FreqEZ – Features

Hardware

The FreqEZ Parts List contains components that were intentionally selected as being inexpensive and globally available. Using popular sources like Amazon, eBay, Mouser and DigiKey, hams should be able to purchase all of the FreqEZ components for less than $100 (US).

Software

FreqEZ is a pair of companion software applications that run on a Windows PC and a Raspberry Pi (RPi) single-board computer. The user interface and software configuration run on Windows; the remote antenna switching runs on a Raspberry Pi. These two companion programs communicate via Ethernet or WiFi using TCP.

The N1MM+ and DXLab Commander logging programs send UDP broadcast packets containing radio information that the FreqEZ Console receives and interprets according to the FreqEZ configuration settings. The Console creates command strings that are sent to the Raspberry Pi Controller, enabling any combination of up to 16 devices (i.e. antenna switches, band filters, receive antennas, transverters…). From DXLab Commander, that radio information is the transceiver frequency in the <Freq> field. From N1MM+, that radio information could be the transceiver frequency, or it could be the packet’s <Antenna> number field entered derived from the N1MM+ Antenna configuration table.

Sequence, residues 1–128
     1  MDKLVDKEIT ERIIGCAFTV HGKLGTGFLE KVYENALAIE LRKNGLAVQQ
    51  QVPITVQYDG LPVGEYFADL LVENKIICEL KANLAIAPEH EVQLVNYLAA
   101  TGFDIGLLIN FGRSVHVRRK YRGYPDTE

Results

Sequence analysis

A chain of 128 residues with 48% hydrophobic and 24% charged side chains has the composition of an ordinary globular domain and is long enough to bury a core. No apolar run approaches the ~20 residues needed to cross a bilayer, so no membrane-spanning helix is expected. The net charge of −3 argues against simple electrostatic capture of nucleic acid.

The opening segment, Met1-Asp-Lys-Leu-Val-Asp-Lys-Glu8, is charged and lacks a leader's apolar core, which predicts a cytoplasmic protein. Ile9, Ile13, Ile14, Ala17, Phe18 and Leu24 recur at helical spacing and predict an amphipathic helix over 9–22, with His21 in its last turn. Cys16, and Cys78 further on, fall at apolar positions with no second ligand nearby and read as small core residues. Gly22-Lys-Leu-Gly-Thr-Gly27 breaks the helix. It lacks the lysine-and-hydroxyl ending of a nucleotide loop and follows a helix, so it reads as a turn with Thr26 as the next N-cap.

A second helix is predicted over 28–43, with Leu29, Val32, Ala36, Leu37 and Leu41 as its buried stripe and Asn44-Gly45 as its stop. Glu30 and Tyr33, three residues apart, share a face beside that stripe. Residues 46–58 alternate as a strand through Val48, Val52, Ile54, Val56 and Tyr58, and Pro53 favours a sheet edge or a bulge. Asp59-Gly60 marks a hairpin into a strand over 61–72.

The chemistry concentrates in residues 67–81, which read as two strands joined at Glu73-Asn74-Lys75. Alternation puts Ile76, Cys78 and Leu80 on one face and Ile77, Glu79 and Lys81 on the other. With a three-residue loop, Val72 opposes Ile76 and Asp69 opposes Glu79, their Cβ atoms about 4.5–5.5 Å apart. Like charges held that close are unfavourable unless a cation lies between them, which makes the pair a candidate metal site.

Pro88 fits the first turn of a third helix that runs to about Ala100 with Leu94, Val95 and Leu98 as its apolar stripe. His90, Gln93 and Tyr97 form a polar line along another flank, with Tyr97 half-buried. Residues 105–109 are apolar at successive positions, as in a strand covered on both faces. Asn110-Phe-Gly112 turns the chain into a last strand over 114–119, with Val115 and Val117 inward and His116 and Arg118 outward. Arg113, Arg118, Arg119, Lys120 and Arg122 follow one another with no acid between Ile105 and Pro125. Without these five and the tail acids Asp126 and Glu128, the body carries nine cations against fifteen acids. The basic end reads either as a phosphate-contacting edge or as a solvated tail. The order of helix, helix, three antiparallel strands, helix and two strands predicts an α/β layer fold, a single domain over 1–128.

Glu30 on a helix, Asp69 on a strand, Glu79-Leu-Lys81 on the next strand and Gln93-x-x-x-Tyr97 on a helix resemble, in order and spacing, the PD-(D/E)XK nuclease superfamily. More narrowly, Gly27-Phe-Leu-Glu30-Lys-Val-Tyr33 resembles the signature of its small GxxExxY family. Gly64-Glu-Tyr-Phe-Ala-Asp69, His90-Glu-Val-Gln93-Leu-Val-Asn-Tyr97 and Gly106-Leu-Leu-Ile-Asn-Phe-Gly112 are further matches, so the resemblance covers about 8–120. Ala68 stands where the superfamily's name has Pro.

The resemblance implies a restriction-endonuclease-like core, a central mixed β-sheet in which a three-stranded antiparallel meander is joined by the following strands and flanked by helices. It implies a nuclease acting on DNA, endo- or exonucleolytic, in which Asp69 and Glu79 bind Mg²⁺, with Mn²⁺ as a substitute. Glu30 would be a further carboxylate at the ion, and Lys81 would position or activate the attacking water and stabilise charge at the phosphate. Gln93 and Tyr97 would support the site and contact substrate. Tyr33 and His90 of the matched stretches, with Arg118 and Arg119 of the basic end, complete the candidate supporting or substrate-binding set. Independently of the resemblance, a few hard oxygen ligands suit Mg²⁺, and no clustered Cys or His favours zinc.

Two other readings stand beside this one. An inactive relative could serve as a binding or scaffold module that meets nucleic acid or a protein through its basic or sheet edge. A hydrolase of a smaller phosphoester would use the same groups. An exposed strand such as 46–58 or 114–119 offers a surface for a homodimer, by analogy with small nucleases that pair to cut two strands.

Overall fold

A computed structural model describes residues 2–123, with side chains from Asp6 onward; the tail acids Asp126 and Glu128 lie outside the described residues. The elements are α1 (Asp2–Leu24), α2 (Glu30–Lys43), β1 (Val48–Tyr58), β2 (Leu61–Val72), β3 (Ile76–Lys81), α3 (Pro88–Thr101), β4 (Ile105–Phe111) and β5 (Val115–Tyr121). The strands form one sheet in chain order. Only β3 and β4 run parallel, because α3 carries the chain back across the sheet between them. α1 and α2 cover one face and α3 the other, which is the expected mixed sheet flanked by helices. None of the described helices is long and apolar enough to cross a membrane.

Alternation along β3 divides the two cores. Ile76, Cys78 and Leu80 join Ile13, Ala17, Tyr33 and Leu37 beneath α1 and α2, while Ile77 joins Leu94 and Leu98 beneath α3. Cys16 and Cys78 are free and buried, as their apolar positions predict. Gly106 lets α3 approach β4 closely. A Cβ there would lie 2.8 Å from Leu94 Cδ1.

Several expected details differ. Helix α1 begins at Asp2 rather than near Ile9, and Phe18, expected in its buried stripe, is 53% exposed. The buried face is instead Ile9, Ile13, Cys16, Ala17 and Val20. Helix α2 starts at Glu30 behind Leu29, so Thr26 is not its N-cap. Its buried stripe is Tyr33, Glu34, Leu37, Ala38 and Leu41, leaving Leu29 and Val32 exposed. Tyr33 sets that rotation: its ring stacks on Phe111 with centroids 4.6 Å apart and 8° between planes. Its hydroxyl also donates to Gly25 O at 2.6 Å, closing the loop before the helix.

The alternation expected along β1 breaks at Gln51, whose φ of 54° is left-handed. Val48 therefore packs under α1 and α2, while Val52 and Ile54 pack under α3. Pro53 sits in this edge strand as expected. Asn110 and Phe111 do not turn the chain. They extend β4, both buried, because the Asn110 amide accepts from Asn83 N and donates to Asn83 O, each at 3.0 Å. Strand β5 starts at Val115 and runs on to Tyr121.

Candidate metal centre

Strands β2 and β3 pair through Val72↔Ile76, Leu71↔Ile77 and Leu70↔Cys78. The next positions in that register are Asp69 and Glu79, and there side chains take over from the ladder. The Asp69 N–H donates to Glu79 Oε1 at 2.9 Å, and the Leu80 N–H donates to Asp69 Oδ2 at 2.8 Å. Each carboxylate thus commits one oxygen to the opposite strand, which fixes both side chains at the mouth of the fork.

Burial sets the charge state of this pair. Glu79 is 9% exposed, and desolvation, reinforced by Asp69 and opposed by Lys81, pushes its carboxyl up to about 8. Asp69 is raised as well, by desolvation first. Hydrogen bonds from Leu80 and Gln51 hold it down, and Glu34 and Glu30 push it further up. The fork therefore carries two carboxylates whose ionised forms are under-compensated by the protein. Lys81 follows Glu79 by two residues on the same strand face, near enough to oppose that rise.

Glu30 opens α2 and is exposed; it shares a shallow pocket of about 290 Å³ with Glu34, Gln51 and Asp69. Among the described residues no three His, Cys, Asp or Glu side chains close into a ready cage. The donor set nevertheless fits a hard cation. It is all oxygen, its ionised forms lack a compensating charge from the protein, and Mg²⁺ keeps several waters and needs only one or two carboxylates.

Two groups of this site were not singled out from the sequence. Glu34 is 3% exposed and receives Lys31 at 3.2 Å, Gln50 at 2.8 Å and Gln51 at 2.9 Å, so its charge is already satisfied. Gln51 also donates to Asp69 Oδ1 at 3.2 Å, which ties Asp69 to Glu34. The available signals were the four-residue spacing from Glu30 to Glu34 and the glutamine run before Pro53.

Key Features

  • Inexpensive, off-the-shelf, readily available hardware. No custom hardware required
  • No DIP switches, diodes, solder-bridges. All configuration is via software settings
  • Manual antenna selection with simple mouse clicks in the Windows Console
  • Automatic antenna selection from network-based UDP packets or hard-wired BCD inputs
    • In N1MM+ – use the antenna numbers from the Configurer >Antenna table
      • Supports the N1MM+ Keyboard Shortcut for multiple antennas per band by toggling <alt>+F9
    • In DXLab or N1MM+ – use the Rx radio frequency from the UDP RadioInfo packet
    • Auto-magic switching (no re-configuration) from N1MM’s antenna numbers to DXLab’s Frequencies
    • Hard-wired method, for logging programs that do not support UDP broadcasts
      • Connect to a transceiver’s BCD output jack
      • OR… use BCD outputs from a PC LPT parallel port (supported by some logging programs) {ugh!}
  • Versatile, software-based configuration can activate antennas in SO1V, SO2V and SO2R stations
  • The Windows Console and the Raspberry Pi Controller communicate via WiFi or wired Ethernet connections
    • The Raspberry Pi controller operates “headless” – can be located anywhere
  • FreqEZ controls 16 discrete single-pole double-throw (SPDT) outputs
    • 16 SPDT relays provide “dry contacts” that sink (ground) or source (+12 vdc) in any combination
    • FreqEZ can be optionally configured as four BCD outputs for antenna switches requiring BCD signals
  • PTT / Tx Inhibit line prevents FreqEZ from switching antennas while transmitting
  • Flexible, software-driven configuration for shack-specific customization